Two character flaws relate to Mathilde's foolishness in the story.  First, she is unappreciative.  Mathilde never realizes what a decent man her husband is.  He selflessly gives up his own desires to make her happy (giving her the money he had saved for a gun so that she can buy a new dress).  Mathilde does not appreciate his sacrifice; she simply asks for more and ignores his heartbreak at not being able to please her. Even when she and her husband work tirelessly for ten years to pay for the replacement necklace, she thinks only of how her carelessness affected her, not how it has broken her husband or negatively affected their relationship.

Mathilde's foolishness is also a result of her focus on the superficial. Appearance is everything to her; so she does not think to look at people's or things' interior. The necklace is the perfect example of this. She assumes that because it comes from Madame Forestier that the necklace is valuable and in the end discovers that it is not. Similarly, she fails to recognize the value of her husband because superficial characteristics such as his job and lack of wealth are all-important to her.

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How does Mathilde portray hubris in "The Necklace"?

According to enotes literary terms guide, hubris can be defined as "arrogance, excessive self-pride and self-confidence." The guide goes on to say, "The word was used to refer to the emotions in Greek tragic heroes that led them to ignore warnings from the gods and thus invite catastrophe."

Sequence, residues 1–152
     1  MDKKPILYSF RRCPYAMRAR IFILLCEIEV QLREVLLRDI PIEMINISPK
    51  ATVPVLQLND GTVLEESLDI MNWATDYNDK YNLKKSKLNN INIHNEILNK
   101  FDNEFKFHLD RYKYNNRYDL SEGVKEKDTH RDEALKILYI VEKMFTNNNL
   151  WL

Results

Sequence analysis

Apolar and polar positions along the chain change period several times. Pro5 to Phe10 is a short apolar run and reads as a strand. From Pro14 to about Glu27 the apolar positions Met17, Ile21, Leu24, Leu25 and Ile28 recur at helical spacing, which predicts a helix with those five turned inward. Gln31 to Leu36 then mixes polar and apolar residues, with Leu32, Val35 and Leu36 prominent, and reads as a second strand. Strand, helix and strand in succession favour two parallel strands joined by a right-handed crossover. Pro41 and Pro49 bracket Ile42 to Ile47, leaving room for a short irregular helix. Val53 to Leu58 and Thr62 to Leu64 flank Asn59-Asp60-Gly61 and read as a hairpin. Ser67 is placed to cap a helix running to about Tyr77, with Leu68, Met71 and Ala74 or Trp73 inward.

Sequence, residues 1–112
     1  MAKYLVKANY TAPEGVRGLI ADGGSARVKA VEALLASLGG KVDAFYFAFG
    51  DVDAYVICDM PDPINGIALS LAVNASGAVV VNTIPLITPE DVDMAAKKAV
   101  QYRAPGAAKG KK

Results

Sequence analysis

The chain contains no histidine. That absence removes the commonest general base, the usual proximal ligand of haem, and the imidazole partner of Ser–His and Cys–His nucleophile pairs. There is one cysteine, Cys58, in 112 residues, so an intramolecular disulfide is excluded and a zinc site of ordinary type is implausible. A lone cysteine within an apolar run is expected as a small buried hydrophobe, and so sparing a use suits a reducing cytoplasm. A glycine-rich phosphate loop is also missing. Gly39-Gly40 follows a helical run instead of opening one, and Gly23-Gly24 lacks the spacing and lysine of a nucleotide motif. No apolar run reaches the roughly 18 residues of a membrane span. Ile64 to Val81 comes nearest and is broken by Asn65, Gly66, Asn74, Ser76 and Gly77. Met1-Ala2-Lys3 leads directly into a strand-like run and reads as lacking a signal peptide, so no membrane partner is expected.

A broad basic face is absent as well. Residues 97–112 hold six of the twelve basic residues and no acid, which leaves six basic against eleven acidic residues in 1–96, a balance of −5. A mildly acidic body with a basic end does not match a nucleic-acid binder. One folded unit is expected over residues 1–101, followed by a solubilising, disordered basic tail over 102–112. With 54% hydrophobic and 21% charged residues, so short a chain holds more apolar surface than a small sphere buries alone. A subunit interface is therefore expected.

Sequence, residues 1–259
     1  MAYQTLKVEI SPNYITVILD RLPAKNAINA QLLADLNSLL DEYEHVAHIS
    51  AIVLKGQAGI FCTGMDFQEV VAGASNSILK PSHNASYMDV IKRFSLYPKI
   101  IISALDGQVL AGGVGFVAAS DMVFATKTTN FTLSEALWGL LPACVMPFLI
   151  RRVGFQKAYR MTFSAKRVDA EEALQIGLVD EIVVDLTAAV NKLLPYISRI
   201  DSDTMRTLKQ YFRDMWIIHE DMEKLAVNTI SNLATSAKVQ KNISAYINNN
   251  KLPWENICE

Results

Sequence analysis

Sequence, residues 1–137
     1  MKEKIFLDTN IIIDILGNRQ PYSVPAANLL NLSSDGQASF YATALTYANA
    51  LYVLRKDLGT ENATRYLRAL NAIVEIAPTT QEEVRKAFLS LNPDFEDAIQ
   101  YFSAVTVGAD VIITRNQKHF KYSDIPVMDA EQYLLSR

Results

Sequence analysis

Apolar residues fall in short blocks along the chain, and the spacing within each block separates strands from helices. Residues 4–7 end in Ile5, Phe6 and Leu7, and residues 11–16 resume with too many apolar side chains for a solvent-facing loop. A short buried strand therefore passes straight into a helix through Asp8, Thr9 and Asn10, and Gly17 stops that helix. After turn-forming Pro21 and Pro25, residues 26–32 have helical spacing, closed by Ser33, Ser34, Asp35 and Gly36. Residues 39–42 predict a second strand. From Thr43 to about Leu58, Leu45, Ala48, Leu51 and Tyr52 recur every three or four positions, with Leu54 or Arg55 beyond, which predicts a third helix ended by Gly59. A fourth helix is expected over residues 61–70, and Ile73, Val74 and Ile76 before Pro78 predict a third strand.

This description fits Mathilde fairly well. She has too much pride, so much, in fact, that she would rather destroy her life than admit she had made a mistake. Mathilde is lower middle class and is ashamed of that status. Though she is young and beautiful and would probably be well-liked for her good qualities, she is unhappy and wants to be the envy of others. She insists her husband buy her things beyond thier means and borrows what she thinks is a very expensive diamond necklace to show off at a high class affair. When she loses the necklace, she buys a replacement rather than admit her error, and the replacement is so expensive that she must work for years to pay for it and move into a seedy area to save money. One might argue that these actions are prompted by shame and not pride, but they are actually a result of her desire to be better than others. She desires the finer things because she feels superior to her lot in life and thinks both her husband and her status are beneath her.